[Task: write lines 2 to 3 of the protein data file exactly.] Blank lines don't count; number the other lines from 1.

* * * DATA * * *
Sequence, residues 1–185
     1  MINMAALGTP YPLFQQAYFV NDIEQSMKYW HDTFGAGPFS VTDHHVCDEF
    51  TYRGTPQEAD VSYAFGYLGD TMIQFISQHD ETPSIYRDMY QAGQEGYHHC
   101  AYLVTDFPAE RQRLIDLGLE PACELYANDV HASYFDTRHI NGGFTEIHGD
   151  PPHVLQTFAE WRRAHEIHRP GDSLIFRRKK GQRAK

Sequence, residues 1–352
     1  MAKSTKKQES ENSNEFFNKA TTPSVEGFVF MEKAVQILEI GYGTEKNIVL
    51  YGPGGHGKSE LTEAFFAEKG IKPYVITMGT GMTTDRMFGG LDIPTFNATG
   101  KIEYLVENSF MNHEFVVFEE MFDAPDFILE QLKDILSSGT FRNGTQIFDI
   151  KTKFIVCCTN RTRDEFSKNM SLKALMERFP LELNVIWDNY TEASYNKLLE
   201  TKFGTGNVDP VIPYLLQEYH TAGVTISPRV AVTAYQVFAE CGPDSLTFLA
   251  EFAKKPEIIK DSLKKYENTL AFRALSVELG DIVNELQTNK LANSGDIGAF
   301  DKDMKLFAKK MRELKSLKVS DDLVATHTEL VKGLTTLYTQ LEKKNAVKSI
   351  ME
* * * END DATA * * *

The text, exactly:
     1  MINMAALGTP YPLFQQAYFV NDIEQSMKYW HDTFGAGPFS VTDHHVCDEF
    51  TYRGTPQEAD VSYAFGYLGD TMIQFISQHD ETPSIYRDMY QAGQEGYHHC